Damian McKenzie’s conversion pushed the Maori into a 7-6 lead, after Halfpenny had posted two penalties for the Lions.

The Maori proved savvy at killing the ball every time the Lions edged deep into their territory, to stop Gatland’s men capping several smart moves with a try. Johnny Sexton’s half-break almost set Tadhg Furlong away, then Jon Davies dummied and swept through the line, but neither time could the Lions finish.

Halfpenny’s third penalty put the Lions 9-7 ahead at the top of the second quarter, only for petulance from Itoje to cost his side.

The England lock threw the ball away after being choke-tackled, and referee Jaco Peyper pushed the visitors back 10 metres, enough to let McKenzie slot the goal, with the Maori sneaking a 10-9 lead.

Another Sexton half-break had Davies stealing through the line, only to spill the ball in contact.

Halfpenny’s fifth penalty pushed the Lions into a 15-10 lead to open the second half, with George Kruis increasingly vocal as the tourists ploughed through profitable tight phases.

Tawera Kerr-Barlow was fortunate to escape a yellow card when he shoulder-charged Halfpenny in the face, with the Lions full-back sliding low after being tackled.

The Lions produced a smart driving lineout, Ben Te ‘o powered close, and then Jamie George burrowed to the line. The try was chalked off however, with the officials unable to determine whether George had reached the whitewash.

The Lions then ruined the Maori scrum, not once but twice, with referee Peyper awarding a penalty try from the second. The new rules mean penalty tries are automatically worth seven points, so the Lions led 22-10 with half an hour to play.

The Lions turned the screw, forcing another five-metre scrum. Taulupe Faletau drove close, and Itoje finished off. Halfpenny’s conversion pushed the Lions’ lead to 29-10. By the time Kerr-Barlow returned, the Lions had won the game.

Provided by Press Association

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British and Irish Lions Tour 2017: All Blacks thrash Samoa 78-0 in Auckland to send out strong message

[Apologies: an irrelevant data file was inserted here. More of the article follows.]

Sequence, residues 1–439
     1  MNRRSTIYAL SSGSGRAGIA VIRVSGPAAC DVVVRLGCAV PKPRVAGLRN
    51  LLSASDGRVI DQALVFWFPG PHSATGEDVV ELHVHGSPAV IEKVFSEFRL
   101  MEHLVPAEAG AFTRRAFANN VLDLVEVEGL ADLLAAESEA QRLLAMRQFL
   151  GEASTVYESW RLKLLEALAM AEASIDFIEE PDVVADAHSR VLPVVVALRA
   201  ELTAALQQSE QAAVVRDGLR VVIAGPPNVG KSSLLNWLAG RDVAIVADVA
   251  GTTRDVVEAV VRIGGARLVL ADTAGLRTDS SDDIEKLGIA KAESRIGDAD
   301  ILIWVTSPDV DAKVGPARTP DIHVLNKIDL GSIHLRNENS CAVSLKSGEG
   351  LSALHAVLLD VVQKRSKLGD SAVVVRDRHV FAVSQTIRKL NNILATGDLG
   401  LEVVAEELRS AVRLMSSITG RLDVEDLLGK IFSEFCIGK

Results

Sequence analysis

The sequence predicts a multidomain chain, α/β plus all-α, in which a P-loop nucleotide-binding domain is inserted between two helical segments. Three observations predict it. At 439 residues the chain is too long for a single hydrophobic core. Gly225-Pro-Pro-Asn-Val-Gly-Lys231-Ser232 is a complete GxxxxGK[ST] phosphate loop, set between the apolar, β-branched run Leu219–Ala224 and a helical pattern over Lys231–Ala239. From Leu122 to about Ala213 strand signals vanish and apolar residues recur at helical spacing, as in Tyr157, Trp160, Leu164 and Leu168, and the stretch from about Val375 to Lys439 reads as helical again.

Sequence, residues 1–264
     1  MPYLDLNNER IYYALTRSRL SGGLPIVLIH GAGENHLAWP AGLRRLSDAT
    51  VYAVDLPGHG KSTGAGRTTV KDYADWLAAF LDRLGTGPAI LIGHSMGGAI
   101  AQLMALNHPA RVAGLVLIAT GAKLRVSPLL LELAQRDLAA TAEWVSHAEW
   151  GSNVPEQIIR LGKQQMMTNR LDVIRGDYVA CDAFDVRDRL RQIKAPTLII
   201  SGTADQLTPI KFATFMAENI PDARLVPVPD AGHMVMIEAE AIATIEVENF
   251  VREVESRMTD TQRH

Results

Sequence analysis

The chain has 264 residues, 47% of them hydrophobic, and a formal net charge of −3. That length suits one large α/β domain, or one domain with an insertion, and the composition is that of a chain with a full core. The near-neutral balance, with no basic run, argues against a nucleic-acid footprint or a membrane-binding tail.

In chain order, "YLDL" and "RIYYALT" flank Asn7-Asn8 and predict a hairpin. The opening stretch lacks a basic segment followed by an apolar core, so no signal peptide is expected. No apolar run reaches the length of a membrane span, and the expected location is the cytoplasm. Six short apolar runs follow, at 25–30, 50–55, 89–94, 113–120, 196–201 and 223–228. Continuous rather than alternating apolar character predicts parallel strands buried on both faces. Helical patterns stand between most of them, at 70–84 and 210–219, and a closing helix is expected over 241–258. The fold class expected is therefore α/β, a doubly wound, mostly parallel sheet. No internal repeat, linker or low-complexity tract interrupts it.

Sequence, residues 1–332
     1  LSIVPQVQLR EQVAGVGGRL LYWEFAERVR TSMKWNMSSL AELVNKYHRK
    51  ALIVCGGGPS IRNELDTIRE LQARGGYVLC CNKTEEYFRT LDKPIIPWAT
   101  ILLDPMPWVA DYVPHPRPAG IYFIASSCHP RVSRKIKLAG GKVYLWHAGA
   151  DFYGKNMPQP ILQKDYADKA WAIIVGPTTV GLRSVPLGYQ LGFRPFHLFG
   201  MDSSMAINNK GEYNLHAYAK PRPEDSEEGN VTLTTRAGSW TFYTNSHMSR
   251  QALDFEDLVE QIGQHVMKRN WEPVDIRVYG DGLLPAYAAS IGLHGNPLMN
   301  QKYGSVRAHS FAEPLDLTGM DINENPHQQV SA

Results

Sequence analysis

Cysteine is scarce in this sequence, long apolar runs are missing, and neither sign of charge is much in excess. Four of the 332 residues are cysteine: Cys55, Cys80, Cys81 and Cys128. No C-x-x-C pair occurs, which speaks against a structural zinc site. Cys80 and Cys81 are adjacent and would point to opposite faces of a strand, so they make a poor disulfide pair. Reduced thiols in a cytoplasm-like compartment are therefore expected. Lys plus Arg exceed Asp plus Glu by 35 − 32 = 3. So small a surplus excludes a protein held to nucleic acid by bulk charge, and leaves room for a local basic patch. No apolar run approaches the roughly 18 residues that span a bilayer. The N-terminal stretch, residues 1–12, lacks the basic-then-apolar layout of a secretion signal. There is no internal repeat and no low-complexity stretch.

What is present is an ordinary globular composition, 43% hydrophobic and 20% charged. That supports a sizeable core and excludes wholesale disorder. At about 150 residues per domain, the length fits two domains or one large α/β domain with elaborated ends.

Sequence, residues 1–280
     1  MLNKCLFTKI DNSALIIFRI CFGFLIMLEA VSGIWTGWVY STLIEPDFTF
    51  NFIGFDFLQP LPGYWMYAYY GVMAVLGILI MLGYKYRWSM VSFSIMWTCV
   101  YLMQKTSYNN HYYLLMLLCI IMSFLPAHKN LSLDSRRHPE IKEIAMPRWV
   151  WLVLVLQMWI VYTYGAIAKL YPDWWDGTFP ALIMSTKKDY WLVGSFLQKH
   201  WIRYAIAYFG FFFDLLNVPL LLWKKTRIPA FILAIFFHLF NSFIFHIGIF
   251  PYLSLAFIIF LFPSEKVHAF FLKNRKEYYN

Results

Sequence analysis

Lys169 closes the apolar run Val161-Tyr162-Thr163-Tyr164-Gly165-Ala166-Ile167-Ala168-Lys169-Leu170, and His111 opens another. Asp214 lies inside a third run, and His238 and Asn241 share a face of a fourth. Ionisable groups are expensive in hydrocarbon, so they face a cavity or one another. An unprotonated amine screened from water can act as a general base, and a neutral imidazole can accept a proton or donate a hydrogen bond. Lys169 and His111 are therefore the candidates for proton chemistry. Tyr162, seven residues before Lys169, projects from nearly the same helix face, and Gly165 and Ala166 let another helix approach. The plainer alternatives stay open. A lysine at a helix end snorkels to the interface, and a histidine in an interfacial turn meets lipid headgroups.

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Peaking at the right time? The All Blacks look a force.

The All Blacks ran in 12 tries to demolish Samoa 78-0 in Auckland on Friday, sending out a clear warning to the British and Irish Lions ahead of next week’s first Test.

It was a game set up for the All Blacks to clear out any rust before they front the composite team at Eden Park next weekend, and rust there was.

If there weren’t teething problems in their first run of the season the score would have been higher as tries went begging.

Tackles were also missed but New Zealand still kept Samoa scoreless in what ballooned to their second biggest win against the Pacific islanders.

The All Blacks led 28-0 with four tries in the first half and added another eight in a sparkling second spell, including one to new cap Vaea Fifita who came off the bench to score with his first touch of the ball.

“Samoa started out really physical and really tested us,” said All Blacks captain Ben Smith. “We had to be really disciplined tonight and when we were, we started to profit from that. “We’ll go away and learn from that and make sure we’re better next week. There’s a lot of learnings there that will be great for our group.”

There was plenty for the Lions to take note of, especially the control of the All Blacks forwards at the set piece and the audacious offloads. When there was the merest hint of a counter-attack opportunity, the All Blacks struck hard.

Aaron Smith justified his return to the starting line-up as he was central to directing play into the gaps.

But against that, the world champions revived a problem of old when they made a slow start and displayed a creaking defence.

“We just didn’t capitalise on those first 20 minutes,” said Samoa captain Kahn Fotuali’i. “We got down to their tryline and coughed it up too many times.”

He added: “It was tough, they’re not number one in the world for no reason and we knew what we were up against.”

WAR DANCE

Following the pre-match confrontation with the rival war dances — the All Blacks with their haka and Samoa with their siva tau — it was the Samoans who were the most fired up when the whistle blew.

They dominated territory for the opening quarter with centres Alapati Leiua and Kieron Fonotia carving through the All Blacks backs, where Sonny Bill Williams was twice found wanting.

But despite the pressure, the All Blacks remained calm and when the chance came to counter-attack they pounced.

After defending desperately for the first 10 minutes, it took two well-placed Aaron Smith clearing kicks to ease the pressure and once inside the Samoan 22, a pop pass from Beauden Barrett saw Anton Lienert-Brown score the opening try.

In the closing 10 minutes of the half the All Blacks scored three more tries.  The first came when Fonotia lost the ball on the All Blacks line which resulted in Ben and Aaron Smith running the hosts out of trouble, and ended with a Barrett try 90 metres away.

Ardie Savea and Williams also crossed the line to have the All Blacks turn 28-0 up as the Samoans’ spirited start flagged.

Aaron Smith started the second half using turnover ball to spark a 60-metre move for Israel Dagg to score.

Julian Savea, Codie Taylor, Beauden Barrett, Fifita, TJ Perenara and Ardie Savea also scored in the second half as rhe All Blacks ran riot.

Beauden Barrett landed seven conversions and Lima Sopoaga kicked two on a night which will give the Lions plenty to chew over ahead of the three-Test series.